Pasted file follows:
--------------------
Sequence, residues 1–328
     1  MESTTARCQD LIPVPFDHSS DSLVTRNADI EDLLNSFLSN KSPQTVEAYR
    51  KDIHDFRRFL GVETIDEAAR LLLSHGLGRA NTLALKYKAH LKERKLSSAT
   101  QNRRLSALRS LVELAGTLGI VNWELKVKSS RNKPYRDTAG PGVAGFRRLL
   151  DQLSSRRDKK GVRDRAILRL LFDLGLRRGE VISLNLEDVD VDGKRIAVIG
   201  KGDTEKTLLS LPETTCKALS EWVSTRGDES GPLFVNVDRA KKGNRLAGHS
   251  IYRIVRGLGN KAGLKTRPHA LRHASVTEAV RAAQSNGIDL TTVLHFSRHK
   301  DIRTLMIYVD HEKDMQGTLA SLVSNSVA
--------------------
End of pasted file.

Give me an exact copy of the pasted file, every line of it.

Sequence, residues 1–328
     1  MESTTARCQD LIPVPFDHSS DSLVTRNADI EDLLNSFLSN KSPQTVEAYR
    51  KDIHDFRRFL GVETIDEAAR LLLSHGLGRA NTLALKYKAH LKERKLSSAT
   101  QNRRLSALRS LVELAGTLGI VNWELKVKSS RNKPYRDTAG PGVAGFRRLL
   151  DQLSSRRDKK GVRDRAILRL LFDLGLRRGE VISLNLEDVD VDGKRIAVIG
   201  KGDTEKTLLS LPETTCKALS EWVSTRGDES GPLFVNVDRA KKGNRLAGHS
   251  IYRIVRGLGN KAGLKTRPHA LRHASVTEAV RAAQSNGIDL TTVLHFSRHK
   301  DIRTLMIYVD HEKDMQGTLA SLVSNSVA